Battle of Britain Pilot, The Self Portrait of an RAF Pilot and Escaper

B1740

The Battle of Britain has inspired a long list of books. Some of the most important were written by the pilots who took part. The book that George Barclay wrote was discovered by his family three years after his death

This really is an outstanding and splendid book that deserves to be very widely read.

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NAME: Battle of Britain Pilot, The Self Portrait of an RAF Pilot and Escaper
CLASSIFICATION: Book Reviews
FILE: R1740
DATE: 050712
AUTHOR: George Barclay
PUBLISHER: Haynes Publishing
BINDING: hard back
PAGES: 184
PRICE: £25.00
GENRE: Non fiction
SUBJECT: WWII, World War 2, 1939-1945, Hurricane, Battle of Britain, POW, Escaper, Spitfire, El Alamein
ISBN: 978-0-85733-239-4
IMAGE: B1740.jpg
BUYNOW: http://tinyurl.com/ctxe46w
LINKS: http://tinyurl.com/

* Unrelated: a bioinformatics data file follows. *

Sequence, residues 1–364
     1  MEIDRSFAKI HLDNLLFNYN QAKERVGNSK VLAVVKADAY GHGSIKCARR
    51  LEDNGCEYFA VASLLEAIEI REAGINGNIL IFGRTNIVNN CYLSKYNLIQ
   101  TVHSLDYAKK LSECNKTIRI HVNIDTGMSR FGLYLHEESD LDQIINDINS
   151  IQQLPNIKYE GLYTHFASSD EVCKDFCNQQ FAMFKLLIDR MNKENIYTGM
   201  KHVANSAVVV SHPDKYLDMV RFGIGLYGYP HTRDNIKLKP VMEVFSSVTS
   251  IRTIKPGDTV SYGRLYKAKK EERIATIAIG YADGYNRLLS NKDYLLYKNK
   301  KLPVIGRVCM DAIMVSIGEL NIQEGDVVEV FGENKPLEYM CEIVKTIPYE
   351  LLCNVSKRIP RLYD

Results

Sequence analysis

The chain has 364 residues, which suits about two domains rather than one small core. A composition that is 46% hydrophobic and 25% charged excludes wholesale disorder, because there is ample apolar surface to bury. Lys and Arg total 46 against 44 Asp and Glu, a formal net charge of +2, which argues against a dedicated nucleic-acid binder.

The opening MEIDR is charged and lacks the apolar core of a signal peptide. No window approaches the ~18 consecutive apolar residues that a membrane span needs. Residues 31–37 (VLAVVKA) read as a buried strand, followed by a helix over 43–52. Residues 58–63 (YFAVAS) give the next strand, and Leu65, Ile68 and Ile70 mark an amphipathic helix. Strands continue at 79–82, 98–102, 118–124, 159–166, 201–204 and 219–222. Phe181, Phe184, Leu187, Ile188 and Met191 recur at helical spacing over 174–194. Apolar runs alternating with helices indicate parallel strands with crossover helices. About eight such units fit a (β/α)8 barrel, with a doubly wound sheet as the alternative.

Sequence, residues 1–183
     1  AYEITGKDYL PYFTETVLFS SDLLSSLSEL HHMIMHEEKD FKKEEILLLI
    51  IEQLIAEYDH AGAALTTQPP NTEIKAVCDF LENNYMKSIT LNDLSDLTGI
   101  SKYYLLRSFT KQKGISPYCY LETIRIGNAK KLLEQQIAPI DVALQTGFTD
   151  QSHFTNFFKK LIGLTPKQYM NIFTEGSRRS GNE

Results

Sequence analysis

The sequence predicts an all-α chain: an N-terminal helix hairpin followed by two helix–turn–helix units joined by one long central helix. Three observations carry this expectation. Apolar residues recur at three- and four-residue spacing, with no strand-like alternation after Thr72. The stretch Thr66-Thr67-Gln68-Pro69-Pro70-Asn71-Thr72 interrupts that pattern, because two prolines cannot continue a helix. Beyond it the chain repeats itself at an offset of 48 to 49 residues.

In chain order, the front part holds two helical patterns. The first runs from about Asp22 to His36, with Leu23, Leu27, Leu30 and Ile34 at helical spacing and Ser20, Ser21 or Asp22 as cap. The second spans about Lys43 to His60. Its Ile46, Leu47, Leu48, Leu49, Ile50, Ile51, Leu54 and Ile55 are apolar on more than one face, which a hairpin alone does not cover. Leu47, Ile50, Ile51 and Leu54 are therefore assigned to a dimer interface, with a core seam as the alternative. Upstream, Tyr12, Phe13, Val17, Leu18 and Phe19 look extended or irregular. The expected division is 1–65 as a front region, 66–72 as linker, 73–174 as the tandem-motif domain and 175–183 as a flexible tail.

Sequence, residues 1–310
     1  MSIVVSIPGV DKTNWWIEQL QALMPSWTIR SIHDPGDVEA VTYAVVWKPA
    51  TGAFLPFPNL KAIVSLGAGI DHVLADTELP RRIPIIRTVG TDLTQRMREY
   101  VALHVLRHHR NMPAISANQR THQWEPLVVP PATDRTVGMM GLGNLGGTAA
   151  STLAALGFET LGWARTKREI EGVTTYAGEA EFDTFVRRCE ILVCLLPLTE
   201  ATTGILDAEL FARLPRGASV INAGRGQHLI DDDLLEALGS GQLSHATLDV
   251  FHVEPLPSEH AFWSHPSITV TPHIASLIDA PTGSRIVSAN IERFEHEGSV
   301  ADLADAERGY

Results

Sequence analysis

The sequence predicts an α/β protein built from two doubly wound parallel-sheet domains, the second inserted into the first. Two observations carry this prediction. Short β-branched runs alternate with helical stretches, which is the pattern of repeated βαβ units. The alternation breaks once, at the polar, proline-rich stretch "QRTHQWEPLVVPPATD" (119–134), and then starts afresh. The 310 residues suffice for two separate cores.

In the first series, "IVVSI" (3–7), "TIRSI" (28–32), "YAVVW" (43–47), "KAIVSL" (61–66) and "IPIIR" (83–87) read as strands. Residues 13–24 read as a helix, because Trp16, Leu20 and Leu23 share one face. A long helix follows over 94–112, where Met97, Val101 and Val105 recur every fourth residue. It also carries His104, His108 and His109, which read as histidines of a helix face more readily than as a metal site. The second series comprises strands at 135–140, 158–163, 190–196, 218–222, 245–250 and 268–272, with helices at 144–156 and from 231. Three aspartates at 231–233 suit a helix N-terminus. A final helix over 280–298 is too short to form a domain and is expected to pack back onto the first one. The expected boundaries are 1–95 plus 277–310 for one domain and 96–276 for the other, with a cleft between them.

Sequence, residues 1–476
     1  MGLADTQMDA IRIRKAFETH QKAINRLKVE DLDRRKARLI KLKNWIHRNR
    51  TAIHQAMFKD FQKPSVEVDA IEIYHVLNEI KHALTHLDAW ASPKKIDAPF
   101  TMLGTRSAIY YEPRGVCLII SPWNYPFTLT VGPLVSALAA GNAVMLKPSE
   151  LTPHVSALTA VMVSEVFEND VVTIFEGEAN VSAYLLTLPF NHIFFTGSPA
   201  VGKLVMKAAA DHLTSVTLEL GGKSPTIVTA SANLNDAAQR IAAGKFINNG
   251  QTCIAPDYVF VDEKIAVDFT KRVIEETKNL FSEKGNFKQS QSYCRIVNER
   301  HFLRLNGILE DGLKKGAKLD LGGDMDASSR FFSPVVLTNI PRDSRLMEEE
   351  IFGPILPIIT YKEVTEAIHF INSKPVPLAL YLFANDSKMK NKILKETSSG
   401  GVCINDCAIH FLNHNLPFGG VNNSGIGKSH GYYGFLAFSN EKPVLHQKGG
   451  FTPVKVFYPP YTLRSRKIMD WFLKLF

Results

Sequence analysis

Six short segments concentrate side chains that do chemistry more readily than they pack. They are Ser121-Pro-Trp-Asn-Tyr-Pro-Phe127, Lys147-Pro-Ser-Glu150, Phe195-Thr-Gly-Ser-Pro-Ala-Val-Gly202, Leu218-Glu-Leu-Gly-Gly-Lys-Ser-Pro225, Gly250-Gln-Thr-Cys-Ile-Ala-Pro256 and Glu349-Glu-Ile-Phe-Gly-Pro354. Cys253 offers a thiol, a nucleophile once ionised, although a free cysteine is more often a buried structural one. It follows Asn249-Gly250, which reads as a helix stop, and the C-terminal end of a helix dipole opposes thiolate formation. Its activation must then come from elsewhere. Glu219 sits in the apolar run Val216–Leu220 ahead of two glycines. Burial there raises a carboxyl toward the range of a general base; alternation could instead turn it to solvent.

DESCRIPTION: The Battle of Britain has inspired a long list of books. Some of the most important were written by the pilots who took part. The book that George Barclay wrote was discovered by his family three years after his death and was first published in 1976. Humphrey Wynn has edited the material to produce a fully revised and re illustrated new edition. In the process nothing has been lost from the original and much has been added. The original material was written in diary style and the author collected together photographs and ephemera from which the re illustration has been drawn. Many of the images have never previously been seen. The author comes through as a very likeable young man thrust into battle like so many of his comrades with what might have been a long life ahead cut short. When a personal account comes back into print it adds so much to the history of the greatest aerial battle. It was followed by many important campaigns, of which the RAF bombing campaign was to endure against great losses, but the Battle of Britain was one of a handful of key turning points in a global conflict. It was the point where the German parade across Europe was halted and the probability of German victory destroyed. As with all good autobiographies this book begins with the making of a fighter pilot in recording some of the influences that were to produce a brave and resourceful young man. As a member of the RAF VR, Sgt George Barclay was mobilized on 1st September 1939. George passed out from RAF Cranwell in April 1940 in time to joint a front line squadron for the Battle of Britain. His progress from a Norfolk Vicarage to battle is followed with illustrations including letters, telegrams and photographs. After the Battle of Britain the RAF took the war to the Germans, flying interdiction patrols across France and Belgium with the intention of bringing the German fighters to battle. Shot down over France, George was passed down the escape line into Spain and Portugal to be flown back to Britain. The text reads well and provides much about the character of the author. It is in parts moving, inspiring, touching, sad, but throughout something of the humour and good character of the author show through. The author was then posted to El Alamein and to the combat that cost him his life. If only the text had been published, this would have made an absorbing and inspiring book, a fitting tribute to a brave young man who rose from Sergeant to Squadron Leader in hard fought conflict. The inclusion of copies of letters and a fine and generous selection of photographs adds enormously to the impact of the book. By the end of the book the reader will feel that this is an individual that he or she might like to have met. There is also an appreciation for the high quality of the writing and the vivid and compelling style. This is a very human story that will naturally appeal to all aviation enthusiasts and military history addicts, but it is as much the story of how a young pilot coped with the stress of battle and still maintained an enthusiasm for life with a zest and enjoyment of his experiences. This really is an outstanding and splendid book that deserves to be very widely read.

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